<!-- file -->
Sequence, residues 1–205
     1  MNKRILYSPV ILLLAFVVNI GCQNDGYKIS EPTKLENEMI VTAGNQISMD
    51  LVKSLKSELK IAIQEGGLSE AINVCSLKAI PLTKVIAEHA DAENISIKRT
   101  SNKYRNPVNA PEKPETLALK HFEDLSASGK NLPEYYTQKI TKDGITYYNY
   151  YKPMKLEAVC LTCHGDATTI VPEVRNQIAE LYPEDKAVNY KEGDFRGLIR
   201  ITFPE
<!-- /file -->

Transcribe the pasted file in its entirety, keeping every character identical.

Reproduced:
Sequence, residues 1–205
     1  MNKRILYSPV ILLLAFVVNI GCQNDGYKIS EPTKLENEMI VTAGNQISMD
    51  LVKSLKSELK IAIQEGGLSE AINVCSLKAI PLTKVIAEHA DAENISIKRT
   101  SNKYRNPVNA PEKPETLALK HFEDLSASGK NLPEYYTQKI TKDGITYYNY
   151  YKPMKLEAVC LTCHGDATTI VPEVRNQIAE LYPEDKAVNY KEGDFRGLIR
   201  ITFPE